In general, the severity of soft tissue infection and its requirement for surgery varies from mild to severe on the basis of the depth of tissue involvement and tissue necrosis (15). The B. anthracis soft tissue infections reviewed here reflect this range of disease. Two survivors had symptoms consistent with cellulitis, were treated only with antibacterial drugs, and were discharged within 1–2 days. However, 10 survivors and 5 nonsurvivors required debridement, fasciotomy, or laparotomy on >1 occasion; 10 had evidence of tissue necrosis. Even among the 5 survivors who did not have surgery, 3 required hospitalization for >7 days, which suggests severe infection. Without additional data about co-existing conditions, we cannot determine whether outcomes from soft tissue infection in PWID differ between B. anthracis and other bacteria.
B. anthracis has a cell wall that elicits a robust host inflammatory response and the endothelial dysfunction, shock, and organ injury with which this response is associated (1,18–21). However, B. anthracis also releases lethal and edema toxins that can produce this same dysfunction but through very different mechanisms than the cell wall (22,23). Whether, as a result of these diverse nontoxin and toxin components, the manifestations of soft tissue infection with B. anthracis differ from those of other bacteria is unclear. Several differences between nonsurvivors and survivors, such as reduced systolic blood pressure and sodium and worsened acidosis, are associated with worsened outcome with other types of soft tissue infection (24–26). However, of patients who required vasopressor treatment, almost 80% died. This death rate is high, even for patients identified with septic shock on the basis of need for vasopressors. However, this finding is consistent with the 2001 US outbreak of inhalational B. anthracis in which all patients in whom shock developed died (27). Also in the current review, nonsurvivors bled more during surgery, possibly because of an increase in international normalized ratio and a decrease in platelets. Although excessive bleeding is not typically associated with soft tissue infection, it is associated with inhalational and gastrointestinal B. anthracis infection (28,29).
B. anthracis lethal and edema toxins inhibit components in the innate and adaptive immune responses (22,23). This inhibition might contribute to infection, as well as suppress signs typically associated with an activated host inflammatory response (3). However, although temperature was lower in nonsurvivors than in survivors, circulating leukocyte counts, percentage of neutrophils, and C-reactive protein were higher and in ranges approaching or consistent with invasive soft tissue infection caused by other bacteria (30,31). Whether toxin production interferes with host defense and influences the features and course of injectional B. anthracis infection requires further study.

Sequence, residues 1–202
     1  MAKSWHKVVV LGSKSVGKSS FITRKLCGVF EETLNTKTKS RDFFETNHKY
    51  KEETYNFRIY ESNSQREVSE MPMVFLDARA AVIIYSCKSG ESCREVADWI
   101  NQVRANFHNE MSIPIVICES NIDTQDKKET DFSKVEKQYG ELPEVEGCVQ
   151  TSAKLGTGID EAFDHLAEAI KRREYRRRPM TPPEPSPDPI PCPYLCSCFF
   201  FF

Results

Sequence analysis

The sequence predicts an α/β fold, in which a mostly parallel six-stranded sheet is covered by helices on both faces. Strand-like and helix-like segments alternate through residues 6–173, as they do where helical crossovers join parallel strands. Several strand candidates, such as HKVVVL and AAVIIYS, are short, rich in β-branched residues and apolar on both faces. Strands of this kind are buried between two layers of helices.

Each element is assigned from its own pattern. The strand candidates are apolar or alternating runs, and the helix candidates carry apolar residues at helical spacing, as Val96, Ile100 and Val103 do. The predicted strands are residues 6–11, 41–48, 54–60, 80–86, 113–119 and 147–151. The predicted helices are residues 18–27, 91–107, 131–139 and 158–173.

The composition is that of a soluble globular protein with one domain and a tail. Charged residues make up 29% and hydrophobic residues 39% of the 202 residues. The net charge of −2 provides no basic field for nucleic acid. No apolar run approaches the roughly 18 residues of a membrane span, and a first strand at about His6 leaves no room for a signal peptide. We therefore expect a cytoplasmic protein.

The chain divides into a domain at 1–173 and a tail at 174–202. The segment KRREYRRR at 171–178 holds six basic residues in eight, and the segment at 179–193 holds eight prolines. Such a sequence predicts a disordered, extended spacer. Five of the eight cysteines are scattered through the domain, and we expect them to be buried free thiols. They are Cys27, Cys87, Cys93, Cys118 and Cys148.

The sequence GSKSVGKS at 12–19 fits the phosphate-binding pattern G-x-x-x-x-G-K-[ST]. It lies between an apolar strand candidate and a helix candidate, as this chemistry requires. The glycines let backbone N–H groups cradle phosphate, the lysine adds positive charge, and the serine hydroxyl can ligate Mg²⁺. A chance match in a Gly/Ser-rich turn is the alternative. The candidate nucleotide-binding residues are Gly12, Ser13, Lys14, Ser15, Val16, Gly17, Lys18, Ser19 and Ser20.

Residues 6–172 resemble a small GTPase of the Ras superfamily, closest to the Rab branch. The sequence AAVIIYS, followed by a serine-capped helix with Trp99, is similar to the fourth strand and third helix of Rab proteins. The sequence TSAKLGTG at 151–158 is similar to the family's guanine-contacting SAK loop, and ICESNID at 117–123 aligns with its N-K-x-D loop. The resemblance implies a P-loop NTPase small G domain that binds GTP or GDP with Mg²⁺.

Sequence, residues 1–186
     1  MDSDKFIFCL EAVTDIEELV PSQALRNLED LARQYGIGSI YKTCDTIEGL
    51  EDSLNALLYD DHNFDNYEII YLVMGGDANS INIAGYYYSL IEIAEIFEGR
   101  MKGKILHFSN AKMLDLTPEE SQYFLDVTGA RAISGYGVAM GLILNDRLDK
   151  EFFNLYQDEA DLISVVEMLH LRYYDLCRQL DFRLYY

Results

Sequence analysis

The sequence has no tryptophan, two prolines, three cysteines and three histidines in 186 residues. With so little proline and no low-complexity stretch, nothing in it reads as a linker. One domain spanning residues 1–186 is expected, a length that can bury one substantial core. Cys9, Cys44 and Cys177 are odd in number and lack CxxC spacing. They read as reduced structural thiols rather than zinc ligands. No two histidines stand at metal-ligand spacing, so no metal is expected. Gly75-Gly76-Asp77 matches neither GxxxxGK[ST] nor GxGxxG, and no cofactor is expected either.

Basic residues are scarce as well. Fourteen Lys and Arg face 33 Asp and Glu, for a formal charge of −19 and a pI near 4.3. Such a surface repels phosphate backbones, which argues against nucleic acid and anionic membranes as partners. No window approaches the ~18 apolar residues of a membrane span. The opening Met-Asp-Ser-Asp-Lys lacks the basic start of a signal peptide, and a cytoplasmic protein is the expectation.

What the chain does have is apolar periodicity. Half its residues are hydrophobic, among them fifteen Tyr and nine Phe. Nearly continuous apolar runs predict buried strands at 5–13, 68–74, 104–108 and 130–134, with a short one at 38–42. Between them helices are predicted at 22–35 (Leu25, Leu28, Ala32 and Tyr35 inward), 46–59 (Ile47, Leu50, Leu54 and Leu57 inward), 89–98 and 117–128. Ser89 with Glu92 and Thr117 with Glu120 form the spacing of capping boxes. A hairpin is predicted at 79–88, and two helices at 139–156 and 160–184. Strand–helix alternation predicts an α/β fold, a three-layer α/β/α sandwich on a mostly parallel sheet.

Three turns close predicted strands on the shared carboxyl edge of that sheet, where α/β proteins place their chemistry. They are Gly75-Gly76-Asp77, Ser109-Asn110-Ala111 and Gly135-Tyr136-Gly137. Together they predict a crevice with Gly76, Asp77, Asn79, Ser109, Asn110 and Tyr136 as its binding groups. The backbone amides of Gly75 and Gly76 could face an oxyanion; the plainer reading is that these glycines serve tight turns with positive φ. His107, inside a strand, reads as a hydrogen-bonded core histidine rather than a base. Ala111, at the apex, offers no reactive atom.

Several lines of evidence suggest that B. anthracis lethal toxin produces direct cardiac dysfunction (22). Whether such dysfunction contributes to clinical B. anthracis infection is unclear because there are few measures of cardiac function in patients. Although 4 of the 9 patients in the current review were described as having evidence of cardiac dysfunction, these data were limited. More comprehensive investigation of cardiac function is necessary during future outbreaks of B. anthracis.
This study has limitations. First, data were collected >2 years after patients sought care, were not obtainable for some questions on patients we included in the analysis, and were unavailable for 20 of the 47 confirmed cases. However, these 27 patients included 11 of the 14 nonsurvivors from the outbreak and probably were fairly representative of nonsurvivors. Second, data were limited regarding co-morbidities, particularly HIV infection and viral hepatitis status, which might have influenced outcome. Information about other co-morbidities (e.g., diabetes, heart disease, and chronic lung disease) might have been informative as well. Third, although 1 survivor and 1 nonsurvivor described headache, using the Glasgow coma scale to assess neurologic status might not have captured other patients with this symptom, a possible manifestation of underlying meningeal infection. Fourth, comparisons of therapies administered to survivors and nonsurvivors later than when they initially sought care might have been confounded by patients’ length of hospitalization; however, data were insufficient to analyze the influence of this variable. Finally, autopsy findings were available only for 7 patients.
The 2009–2010 outbreak of B. anthracis infection among PWID in Scotland was considered over at the end of 2010 (3). However, during June 2012–December 2013, thirteen new cases were reported in the United Kingdom and Europe (4,32). The death rate for these patients has been close to 50%. Findings from the patients in the current review, combined with findings from newer cases, emphasize the need to better understand the pathogenesis and management of this recently identified form of B. anthracis infection.
Drs Booth and Donaldson are critical care physicians at Glasgow Royal Infirmary, Glasgow, Scotland. Their research interests include improving the treatment of invasive infection in critically ill patients.
We appreciate the editorial assistance of Kelly Byrne during the preparation of this manuscript.
This work was supported by the Intramural Research Program of the National Institutes of Health and the National Institutes of Health Clinical Center.
None of the authors have commercial or other associations that might pose a conflict of interest.
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TablesCite This Article
1These authors contributed equally to this article.